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A Cultural Embassy in Washington, DC

The Museum of the Palestinian People

By Julia Pitner

In his 1999 essay “Invention, Memory, and Place,” Edward Said wrote that places are not simply geographical locations, they are also imbued with layers of history, personal experiences, and cultural narratives that shape their meaning and significance. The Palestinian collective memory of shared history, culture, and experience plays a crucial role in collective identities and allows people to weave together personal experiences, historical events, and cultural symbols to create a cohesive narrative about their identity.

At its core, the Museum of the Palestinian People aims to reveal the layers of history, personal experience, and culture through the careful curation of its permanent and temporary exhibits. The space invites visitors to experience the journey and explore their understanding of Palestine as they interact with the museum’s Palestinian-American volunteer guides who share their experience and knowledge. Since its opening in 2019, close to 10,000 people from across the United States and abroad have visited the Museum of the Palestinian People – some of whom brought their own stories while others had no prior involvement with Palestine.

In the age of social media and easily accessible information, it is frequently surprising how little the average American knows about the Palestinian people. In the mainstream media, stories about Palestinians are often distorted or minimized through the lenses of victims or violence. If journalists try to present a fuller picture, they tend to be threatened, accused, and challenged, as are university professors and teachers who try to teach Palestinian history – even if their approach connects it with Israel’s history.

Body Cam by Ernest. The artwork is part of the Freedom is One exhibit at the museum in 2021.

Engaging with many organizations that are involved in activism and advocacy for Palestine and that aim to raise awareness of the issues that face the Palestinian people, the museum adds another layer. It tells stories that encompass the rich history and vibrant arts and culture of a people who thrive even in the face of adversity.

Bullet by Mohammad Sabaaneh from the Freedom is One exhibit.

As Bshara Nassar, the museum’s founder, has said, “We want to share our story from our perspective: who we are, where we come from. For too long, our story has been told by others who want to portray us, often in negative stereotypes. We want to share with the world who the Palestinian people truly are.” Such a declaration of identity is not only a form of expression but also a form of resilience and an act of resistance. And Palestinians have known for some time that this is the strongest form of soft power.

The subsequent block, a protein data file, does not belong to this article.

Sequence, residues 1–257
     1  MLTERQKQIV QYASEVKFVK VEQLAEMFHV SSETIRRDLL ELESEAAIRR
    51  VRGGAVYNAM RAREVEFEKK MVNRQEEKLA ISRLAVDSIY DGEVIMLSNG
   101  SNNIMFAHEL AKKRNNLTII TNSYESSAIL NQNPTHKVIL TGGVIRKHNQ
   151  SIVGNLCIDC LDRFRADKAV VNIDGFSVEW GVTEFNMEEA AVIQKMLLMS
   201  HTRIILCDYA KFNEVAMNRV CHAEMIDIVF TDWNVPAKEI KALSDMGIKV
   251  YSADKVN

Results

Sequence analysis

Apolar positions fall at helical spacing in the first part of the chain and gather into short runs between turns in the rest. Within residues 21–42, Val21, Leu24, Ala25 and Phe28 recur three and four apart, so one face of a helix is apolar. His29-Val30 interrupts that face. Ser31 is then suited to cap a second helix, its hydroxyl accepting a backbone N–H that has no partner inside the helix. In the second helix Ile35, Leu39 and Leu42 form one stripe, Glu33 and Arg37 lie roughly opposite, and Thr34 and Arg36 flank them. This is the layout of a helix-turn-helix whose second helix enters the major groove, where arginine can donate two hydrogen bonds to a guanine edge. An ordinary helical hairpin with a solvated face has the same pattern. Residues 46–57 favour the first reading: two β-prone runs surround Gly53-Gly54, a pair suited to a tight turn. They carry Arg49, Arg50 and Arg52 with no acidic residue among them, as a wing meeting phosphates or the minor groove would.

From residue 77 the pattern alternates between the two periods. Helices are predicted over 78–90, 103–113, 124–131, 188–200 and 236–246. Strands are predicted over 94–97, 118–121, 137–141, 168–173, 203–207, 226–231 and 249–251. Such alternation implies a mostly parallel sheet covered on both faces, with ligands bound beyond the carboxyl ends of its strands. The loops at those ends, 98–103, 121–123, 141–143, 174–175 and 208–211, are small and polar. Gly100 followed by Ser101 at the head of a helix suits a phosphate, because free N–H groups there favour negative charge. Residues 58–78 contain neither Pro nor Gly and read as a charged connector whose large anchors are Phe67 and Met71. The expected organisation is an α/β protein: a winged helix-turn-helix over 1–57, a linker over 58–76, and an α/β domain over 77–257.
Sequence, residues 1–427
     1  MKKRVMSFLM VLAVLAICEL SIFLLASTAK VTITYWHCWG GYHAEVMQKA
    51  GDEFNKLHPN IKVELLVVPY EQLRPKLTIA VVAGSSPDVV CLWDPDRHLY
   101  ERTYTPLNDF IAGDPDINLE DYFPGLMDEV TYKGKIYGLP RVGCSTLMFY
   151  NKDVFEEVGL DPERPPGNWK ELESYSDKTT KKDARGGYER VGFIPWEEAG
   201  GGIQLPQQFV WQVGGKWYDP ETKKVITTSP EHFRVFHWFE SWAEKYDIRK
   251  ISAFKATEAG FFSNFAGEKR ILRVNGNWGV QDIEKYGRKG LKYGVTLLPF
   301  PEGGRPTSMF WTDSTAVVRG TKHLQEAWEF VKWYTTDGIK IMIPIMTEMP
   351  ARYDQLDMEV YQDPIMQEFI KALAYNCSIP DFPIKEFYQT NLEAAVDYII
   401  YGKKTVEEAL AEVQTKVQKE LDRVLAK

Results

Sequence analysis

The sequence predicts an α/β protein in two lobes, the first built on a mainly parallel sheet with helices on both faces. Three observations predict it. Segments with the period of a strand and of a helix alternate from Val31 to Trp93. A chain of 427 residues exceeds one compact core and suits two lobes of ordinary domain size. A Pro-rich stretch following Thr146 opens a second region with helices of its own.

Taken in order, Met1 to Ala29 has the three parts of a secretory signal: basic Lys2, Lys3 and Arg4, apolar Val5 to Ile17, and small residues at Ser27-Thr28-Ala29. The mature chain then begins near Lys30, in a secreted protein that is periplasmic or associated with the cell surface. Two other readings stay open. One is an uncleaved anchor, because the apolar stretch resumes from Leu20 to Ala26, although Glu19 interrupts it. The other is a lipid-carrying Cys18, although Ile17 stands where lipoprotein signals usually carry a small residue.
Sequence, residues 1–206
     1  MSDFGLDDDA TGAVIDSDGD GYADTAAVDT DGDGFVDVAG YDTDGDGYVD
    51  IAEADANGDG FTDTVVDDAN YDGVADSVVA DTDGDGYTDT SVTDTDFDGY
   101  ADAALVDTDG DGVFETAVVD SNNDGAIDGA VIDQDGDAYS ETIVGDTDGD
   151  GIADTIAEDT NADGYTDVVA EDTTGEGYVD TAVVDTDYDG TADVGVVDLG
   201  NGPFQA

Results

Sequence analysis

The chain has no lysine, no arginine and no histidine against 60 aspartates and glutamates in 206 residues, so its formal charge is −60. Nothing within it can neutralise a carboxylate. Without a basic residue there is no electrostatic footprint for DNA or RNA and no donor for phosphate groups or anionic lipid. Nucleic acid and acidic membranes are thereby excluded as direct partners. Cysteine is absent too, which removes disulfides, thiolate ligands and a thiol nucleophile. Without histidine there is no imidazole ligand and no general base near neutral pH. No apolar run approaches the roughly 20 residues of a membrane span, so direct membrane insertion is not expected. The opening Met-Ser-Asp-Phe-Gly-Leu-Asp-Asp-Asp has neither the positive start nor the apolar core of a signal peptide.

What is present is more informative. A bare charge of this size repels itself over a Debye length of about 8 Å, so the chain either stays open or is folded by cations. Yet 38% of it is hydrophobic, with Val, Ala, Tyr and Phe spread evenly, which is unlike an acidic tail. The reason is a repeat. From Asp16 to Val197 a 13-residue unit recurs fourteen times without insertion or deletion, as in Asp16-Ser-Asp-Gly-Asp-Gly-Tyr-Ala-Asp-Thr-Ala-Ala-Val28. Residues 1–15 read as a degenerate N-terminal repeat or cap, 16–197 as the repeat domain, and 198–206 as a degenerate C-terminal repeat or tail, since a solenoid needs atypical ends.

External view of the museum.

Located in the heart of Washington, DC, the Museum of the Palestinian People is dedicated to showcasing and preserving the history and culture that has evolved and thrived over centuries.

Historically, art and culture have provided an opportunity to share perspectives that differ from the mainstream story. This has been true worldwide for communities that are under pressure, not heard, and/or displaced. As the renowned Palestinian-American artist Samia Halaby noted, “Art is a symptom of society, giving insight into society’s progression through political and economic stages. The thinking cuts like a knife through issue-driven politics.” Art and culture create a safe space for deeper discussions.

Iyad and George, in memory of Iyad Hallaq.

In the United States, Palestinians have used the arts and culture as a means to claim, share, and preserve their heritage, even as others try to erase or appropriate the Palestinian narrative and heritage. Such engagement began in the 1970s and 1980s, when revolutionary movements were at their peak globally and many anti-colonialist movements found common causes. Shared struggles and solidarity impacted visual artists, poets, musicians, and activists, each influencing the other in their respective efforts and artistic statements.

An example is the poetry of George Jackson, entitled Enemy of the Sun, which was known and published under George Jackson’s name but later discovered to have been greatly influenced by the Palestinian poet Samih Al Qasem. African American rap and hip-hop art, born out of situational resistance, were the inspiration for the Palestinian music group Dam (“Everlasting” in Arabic), the first Palestinian hip-hop group and the first to utilize rap in its music. In addition, scholars such as Angela Davis, Cornell West, and Marc Lamont Hill, among others, inspired artists and other movements to engage in the Palestinian struggle. The same issues that brought Palestinian and Black activists together in dialogue in the 1960s and 1970s are still valid and relevant to both struggles today.

Black Lives Matter by Lina Abujarede.

The common fight for social justice intersected with the African American community and was showcased in an exhibition by Palestinian artists in response to the murder of George Floyd at the hands of police and Iyad al-Hallak’s death in Jerusalem in a similar attack. The museum’s exhibition brought together a spectrum of artworks by Black and Palestinian artists who connected through the themes of political and resistance art in various forms, symbols, and mediums. The artistic expressions of solidarity in seeking social justice, paired with speeches by members of the Black American and Palestinian American communities, exposed the commonalities of experience between the two communities. It also underscored a primary mission of the Museum of the Palestinian People, namely to “create a space where people are not marginalized by the artificial distinctions we use to create borders between us.”